Northanger Abbey by Val McDermid


Northanger AbbeyNorthanger Abbey by Val McDermid

My rating: 5 of 5 stars

From the first page, I adored this rewrite of Northanger Abbey by author Val McDermid.  McDermid, better known as an award-winning crime writer, has here taken on the task of reimagining Jane Austen’s heroine Cat Morland in the present day. McDermid states in her prologue that she hopes Jane Austen would enjoy her take on the classic novel, and I think McDermid has succeeded in this aim.
Val McDermid is clearly an author who is intimately familiar with Jane Austen’s work. Happily, I had just finished reading the original Northanger Abbey, as well as watching the Masterpiece Theater film adaptation, so I had many of the sentences, and the particular wit that Austen employs, fresh in my mind. Thus, I was truly impressed with the way that McDermid captures the essence of Austen’s classic so succinctly. Using her own words, McDermid somehow manages to convey the sound, rhythm, and tone of the original Northanger Abbey. And even more remarkable is how she is able to do this within a contemporary setting.
What McDermid has achieved here is no small feat, as I can attest to, having read, and been disappointed by, numerous novels by contemporary authors which fail to achieve an authentic sense of the past. The problem of a superficial gloss of old buildings and costumes over disappointingly contemporary characters is also apparent in popular television series. One example is Lost in Austen, in which a present-day heroine goes back in time to visit the Bennet family from Pride and Prejudice. What these artistic attempts, and quite a few others, show, more than anything, is how difficult it is for contemporary writers and filmmakers to capture a convincing sense of the past. Somehow, Val McDermid has reached that difficult goal, creating modern characters who manage to almost seamlessly capture the essence of an Austen novel. Basically, Northanger Abbey feels like the novel Austen would have written herself, if she was alive in 2014.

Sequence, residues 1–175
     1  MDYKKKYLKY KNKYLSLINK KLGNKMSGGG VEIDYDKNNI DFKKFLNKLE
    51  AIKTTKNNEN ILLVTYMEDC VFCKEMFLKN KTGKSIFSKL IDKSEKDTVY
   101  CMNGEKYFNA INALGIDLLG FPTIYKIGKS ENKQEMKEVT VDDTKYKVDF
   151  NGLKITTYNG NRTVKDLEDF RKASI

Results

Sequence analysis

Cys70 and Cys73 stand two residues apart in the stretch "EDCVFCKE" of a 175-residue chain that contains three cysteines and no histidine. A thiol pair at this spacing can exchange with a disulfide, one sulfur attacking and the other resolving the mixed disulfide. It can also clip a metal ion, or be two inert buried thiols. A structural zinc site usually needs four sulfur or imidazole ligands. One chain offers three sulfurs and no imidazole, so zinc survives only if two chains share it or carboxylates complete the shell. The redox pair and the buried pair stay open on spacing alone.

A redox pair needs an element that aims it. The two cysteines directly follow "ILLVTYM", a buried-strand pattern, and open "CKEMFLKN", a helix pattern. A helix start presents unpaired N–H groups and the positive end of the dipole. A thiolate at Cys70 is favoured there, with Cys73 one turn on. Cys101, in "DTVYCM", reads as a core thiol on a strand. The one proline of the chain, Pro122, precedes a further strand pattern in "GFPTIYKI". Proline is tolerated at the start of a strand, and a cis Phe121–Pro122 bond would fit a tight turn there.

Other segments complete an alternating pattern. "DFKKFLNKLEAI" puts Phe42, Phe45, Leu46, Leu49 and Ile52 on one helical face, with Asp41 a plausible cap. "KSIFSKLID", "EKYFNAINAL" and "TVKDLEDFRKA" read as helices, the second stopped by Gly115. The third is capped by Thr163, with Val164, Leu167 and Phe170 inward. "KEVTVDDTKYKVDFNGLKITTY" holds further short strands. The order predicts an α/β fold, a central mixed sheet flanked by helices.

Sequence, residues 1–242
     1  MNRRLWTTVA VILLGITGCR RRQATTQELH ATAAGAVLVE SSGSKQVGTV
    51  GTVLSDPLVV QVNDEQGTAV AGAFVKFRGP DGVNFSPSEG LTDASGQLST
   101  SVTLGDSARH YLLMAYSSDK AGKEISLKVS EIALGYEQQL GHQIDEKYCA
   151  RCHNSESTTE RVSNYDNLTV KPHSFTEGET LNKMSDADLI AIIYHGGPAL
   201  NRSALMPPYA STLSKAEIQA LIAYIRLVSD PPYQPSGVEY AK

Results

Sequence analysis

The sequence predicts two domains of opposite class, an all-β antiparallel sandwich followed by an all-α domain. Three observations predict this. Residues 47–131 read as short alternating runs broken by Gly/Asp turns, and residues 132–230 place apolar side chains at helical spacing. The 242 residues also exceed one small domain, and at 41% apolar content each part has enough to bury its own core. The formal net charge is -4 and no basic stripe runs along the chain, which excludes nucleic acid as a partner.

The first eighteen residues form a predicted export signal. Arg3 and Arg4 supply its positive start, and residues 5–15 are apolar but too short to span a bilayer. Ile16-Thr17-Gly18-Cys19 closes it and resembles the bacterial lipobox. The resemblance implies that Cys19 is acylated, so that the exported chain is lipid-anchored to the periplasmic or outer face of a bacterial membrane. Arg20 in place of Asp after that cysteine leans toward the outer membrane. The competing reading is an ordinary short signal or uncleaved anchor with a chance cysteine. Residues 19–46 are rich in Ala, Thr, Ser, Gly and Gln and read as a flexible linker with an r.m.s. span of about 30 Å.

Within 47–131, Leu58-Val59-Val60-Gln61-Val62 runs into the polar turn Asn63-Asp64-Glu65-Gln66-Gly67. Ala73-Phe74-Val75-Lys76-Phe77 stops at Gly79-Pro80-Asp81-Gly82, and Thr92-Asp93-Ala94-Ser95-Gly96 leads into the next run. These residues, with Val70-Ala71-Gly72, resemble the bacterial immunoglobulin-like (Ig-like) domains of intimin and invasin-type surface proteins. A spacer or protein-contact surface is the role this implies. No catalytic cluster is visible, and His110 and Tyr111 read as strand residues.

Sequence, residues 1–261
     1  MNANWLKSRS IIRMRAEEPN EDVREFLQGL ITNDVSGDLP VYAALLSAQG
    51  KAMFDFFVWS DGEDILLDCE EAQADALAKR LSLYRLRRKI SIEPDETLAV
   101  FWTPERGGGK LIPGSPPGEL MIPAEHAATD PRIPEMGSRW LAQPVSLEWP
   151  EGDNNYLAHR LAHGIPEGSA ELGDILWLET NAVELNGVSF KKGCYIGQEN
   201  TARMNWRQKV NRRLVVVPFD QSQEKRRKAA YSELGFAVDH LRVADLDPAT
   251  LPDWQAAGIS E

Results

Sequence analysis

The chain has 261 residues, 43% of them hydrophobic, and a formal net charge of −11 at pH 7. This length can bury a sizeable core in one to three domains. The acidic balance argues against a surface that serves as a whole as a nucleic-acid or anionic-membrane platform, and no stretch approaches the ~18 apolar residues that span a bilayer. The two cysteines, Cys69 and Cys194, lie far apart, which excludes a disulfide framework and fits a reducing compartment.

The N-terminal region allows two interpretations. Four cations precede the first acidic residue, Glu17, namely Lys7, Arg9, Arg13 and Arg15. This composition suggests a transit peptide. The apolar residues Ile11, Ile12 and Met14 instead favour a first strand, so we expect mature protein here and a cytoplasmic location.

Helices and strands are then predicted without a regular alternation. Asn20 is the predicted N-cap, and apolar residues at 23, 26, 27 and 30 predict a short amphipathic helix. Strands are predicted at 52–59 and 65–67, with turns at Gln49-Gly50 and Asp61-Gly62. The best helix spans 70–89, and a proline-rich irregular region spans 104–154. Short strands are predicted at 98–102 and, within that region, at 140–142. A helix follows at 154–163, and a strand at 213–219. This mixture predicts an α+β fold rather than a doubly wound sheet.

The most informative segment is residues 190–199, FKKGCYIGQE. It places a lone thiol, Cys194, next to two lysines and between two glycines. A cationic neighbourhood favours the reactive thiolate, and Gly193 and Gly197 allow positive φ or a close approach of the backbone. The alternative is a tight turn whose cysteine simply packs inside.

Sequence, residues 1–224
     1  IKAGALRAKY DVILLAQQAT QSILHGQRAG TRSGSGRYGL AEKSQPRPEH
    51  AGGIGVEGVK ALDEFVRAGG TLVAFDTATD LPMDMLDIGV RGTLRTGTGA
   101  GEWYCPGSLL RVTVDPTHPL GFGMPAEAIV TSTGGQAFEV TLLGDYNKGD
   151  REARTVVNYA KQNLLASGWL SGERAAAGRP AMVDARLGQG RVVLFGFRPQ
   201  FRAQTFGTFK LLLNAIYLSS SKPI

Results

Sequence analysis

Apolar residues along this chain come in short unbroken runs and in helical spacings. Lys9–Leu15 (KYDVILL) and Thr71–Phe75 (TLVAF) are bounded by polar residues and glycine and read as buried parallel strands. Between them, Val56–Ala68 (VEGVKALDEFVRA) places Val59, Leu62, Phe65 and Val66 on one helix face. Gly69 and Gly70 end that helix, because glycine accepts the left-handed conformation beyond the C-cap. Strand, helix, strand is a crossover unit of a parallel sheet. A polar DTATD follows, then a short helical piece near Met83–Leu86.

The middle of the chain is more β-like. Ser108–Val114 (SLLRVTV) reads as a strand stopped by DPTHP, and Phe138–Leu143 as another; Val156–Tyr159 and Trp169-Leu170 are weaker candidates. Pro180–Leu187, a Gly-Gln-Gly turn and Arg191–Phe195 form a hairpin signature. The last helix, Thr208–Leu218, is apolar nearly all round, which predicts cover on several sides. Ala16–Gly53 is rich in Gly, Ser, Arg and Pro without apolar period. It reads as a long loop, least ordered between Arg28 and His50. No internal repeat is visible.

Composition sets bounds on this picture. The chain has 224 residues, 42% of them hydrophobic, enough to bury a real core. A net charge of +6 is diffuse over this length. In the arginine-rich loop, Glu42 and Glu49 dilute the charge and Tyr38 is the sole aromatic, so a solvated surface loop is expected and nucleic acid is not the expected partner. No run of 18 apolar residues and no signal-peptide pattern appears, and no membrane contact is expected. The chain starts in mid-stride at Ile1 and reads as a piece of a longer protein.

That said, Northanger Abbey stays true to the plot of the original novel. It is a credit to this rewrite that, despite having recently read the original, I was completely enchanted with McDermid’s version, even knowing every conversation and situation the characters would encounter. This is indeed high praise from someone who rarely rereads a book or rewatches a movie.
The only slight quibbles I would have, which are not really complaints, but just interesting observations, were that to me, the Henry Tilney of McDermid’s Northanger Abbey lacked the charm, self-effacing humor, and integrity that made him such an endearing character in Austen’s novel. McDermid’s Henry was a pretty nice guy, but he didn’t seem quite so intelligent, gallant, or mature as Austen’s character. At times, he came across as harsh. The same goes for Ellie, and for Cat. Ellie seemed a little less graceful and angelic, and Cat seemed a little less ingenuous. The closest thing I can compare it to is how different actors portray characters in film adaptations of a novel. An example would be Johnny Lee Miller and Jeremy Northam in the different Emma adaptations. Each actor had slightly different takes on the character of Mr. Knightley, though I must say, in that instance, I would have a difficult time deciding which one I would rather fall in love with.
All said, McDermid’s Northanger Abbey was a delight to read and a worthy tribute to the Jane Austen classic. It will definitely be more fully appreciated by readers familiar with the original novel. And I was so impressed by McDermid’s writing that I began her crime novel, A Place of Execution, while still in the middle of Northanger Abbey. Though utterly different in tone, I am happily engrossed in this mystery, and am so glad to finally become familiar with this truly gifted and versatile author.

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